The Russ' son-in-law to be is the final element of heroism in the film. Since the Russ' condescension and possessiveness of his daughter are sublimated sexual desire (a desire which is aroused by his stunted emotional interaction with her - I'm just assuming that's what the screenwriters intended. I'm sure NYU and UCLA or wherever this writer went to school was careful to teach about how the subtext informs the text) his natural competitor is the young douche-bag with frosted tips and form-fitting sweaters who wants to marry his daughter. Of course, that guy proves to be the ideal sidekick to the Russ: athletic, good-looking, tough and willing to follow nonsensical orders that endanger his life and the lives of others. The stage is set at the end of the film for the Russ to pass the torch to young jeezy, for the frosted-tip student to become the condescending, possessive master. Yay! Russ sacrifices himself so that the spirit of toughness (and certain victory) may live on and he can marry his own daughter by proxy.

There is not a moment of Poseidon's running time spent lingering on grief or fear, despite the hundreds upon hundreds of dead. That's fine - if this movie didn't suck, I could totally accept it as a blockbuster and enjoy it. Watching it this time though, I kept on thinking of Fred Exley's meeting with NY Giant's coach Steve Owen. Owen asked Exley's father (Exley's dad being a notoriously tough football player) if eight-year old Exley was tough. "Too soon to tell," was the answer. I'm not done with the book yet, but I hope the last chapter is about Exley's ship capsizing or him surviving a terrorist attack, so we can find out.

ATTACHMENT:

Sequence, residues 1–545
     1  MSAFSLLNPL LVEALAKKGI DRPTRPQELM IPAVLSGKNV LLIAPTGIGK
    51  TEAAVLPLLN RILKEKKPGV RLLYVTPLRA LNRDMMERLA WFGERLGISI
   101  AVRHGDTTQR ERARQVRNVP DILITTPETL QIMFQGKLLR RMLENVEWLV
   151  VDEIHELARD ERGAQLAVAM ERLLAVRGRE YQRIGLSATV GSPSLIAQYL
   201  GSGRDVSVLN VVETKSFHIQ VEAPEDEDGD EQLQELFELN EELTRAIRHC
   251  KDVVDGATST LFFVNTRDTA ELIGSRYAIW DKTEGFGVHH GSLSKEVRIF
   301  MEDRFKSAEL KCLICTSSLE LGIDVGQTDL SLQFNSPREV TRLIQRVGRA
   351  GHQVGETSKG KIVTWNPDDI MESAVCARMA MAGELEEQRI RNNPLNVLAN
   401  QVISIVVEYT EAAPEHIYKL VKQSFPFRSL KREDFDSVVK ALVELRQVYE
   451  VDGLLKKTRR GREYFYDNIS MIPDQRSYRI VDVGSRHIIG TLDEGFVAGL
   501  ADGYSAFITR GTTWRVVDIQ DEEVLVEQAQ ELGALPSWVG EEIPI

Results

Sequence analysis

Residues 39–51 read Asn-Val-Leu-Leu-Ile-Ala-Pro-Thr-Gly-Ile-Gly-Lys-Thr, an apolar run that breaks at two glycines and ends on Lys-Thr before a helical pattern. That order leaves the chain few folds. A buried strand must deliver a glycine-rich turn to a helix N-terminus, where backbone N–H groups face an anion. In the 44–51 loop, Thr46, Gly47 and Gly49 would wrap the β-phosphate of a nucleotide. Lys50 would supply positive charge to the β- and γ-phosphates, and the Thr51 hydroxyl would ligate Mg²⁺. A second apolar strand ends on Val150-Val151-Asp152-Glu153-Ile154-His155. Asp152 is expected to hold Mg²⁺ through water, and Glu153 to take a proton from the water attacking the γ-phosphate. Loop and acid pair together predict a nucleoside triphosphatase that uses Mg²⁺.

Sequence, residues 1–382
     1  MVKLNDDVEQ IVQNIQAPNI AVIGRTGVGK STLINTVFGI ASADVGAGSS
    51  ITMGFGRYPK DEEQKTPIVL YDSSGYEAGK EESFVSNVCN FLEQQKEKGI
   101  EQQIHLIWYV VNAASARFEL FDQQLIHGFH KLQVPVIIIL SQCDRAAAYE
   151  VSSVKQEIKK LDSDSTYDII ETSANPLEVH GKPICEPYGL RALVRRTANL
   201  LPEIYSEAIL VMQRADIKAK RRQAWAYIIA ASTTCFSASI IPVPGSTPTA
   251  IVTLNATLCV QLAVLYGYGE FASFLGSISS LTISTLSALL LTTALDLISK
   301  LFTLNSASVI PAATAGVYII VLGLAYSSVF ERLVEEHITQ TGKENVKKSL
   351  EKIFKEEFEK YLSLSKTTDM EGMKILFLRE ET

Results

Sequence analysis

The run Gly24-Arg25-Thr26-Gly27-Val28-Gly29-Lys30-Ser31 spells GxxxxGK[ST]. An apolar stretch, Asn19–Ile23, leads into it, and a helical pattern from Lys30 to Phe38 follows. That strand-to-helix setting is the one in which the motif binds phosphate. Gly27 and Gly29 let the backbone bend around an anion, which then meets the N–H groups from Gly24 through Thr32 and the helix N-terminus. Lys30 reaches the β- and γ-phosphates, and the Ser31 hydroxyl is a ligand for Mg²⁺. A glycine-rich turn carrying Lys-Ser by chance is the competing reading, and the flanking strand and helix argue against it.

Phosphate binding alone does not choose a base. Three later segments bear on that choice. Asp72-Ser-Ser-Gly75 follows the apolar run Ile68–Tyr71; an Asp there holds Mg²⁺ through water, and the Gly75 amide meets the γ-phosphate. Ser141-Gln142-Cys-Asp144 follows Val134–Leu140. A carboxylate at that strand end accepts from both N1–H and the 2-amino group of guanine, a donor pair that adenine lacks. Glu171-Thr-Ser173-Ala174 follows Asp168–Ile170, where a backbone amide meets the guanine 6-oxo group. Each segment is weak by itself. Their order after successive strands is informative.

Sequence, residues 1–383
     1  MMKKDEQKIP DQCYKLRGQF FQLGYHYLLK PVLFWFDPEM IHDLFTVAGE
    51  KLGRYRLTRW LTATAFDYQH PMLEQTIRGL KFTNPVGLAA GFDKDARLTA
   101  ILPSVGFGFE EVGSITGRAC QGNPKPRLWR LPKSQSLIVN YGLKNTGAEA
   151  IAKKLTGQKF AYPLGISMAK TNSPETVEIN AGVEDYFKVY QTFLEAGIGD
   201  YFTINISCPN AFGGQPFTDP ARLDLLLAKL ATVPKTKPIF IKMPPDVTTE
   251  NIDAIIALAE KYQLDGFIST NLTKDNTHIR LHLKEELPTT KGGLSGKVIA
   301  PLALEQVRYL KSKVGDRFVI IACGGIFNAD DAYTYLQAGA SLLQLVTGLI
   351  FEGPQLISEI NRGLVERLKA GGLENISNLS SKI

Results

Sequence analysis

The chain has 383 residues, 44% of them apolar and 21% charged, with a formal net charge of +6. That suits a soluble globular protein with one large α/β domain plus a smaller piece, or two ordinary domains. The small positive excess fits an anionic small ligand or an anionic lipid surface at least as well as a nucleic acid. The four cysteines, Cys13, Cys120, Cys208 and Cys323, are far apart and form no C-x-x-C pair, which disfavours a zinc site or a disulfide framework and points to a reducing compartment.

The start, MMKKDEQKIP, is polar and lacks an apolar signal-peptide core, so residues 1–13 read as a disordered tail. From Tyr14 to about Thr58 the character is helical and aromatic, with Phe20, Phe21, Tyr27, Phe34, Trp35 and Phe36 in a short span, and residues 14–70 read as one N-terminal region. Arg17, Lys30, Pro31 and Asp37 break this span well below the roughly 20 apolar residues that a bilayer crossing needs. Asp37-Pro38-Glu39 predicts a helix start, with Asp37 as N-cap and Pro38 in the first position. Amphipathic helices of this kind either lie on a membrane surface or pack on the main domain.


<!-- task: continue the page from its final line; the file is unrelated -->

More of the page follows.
Fatal Contact: Bird Flu in America
(dvd) bus to Toronto.

Part two of "Chris is subjected to films about his paranoid fears" double-feature.

Paranoid Fear #2: Communicable disease outbreak - voraciously virulent virus.

I guess this was a made for tv movie or something along those lines - certainly it has all the hallmarks of made-for-tv-dom: a hot topic with a glaring "sell by" date, slick but somehow cheap-looking production values, a plot that engages the hot topic with a hysterical "worst case scenario" mindset and, most importantly, Stacey Keach. So, I'd recap the plot, but the title lays it out pretty clearly: this is the story of the fatal contact (with filthy Chinamen) that brings bird-flu to America. The split-screen montage of the disease's progress from a small Chinese village to a house not unlike yours (!!!) is torn straight from the germophobe's handbook: shots of people handling money, snot-nosed kids using public doorknobs, train passengers being careless with used tissues, waitresses failing to properly clean out coffee cups!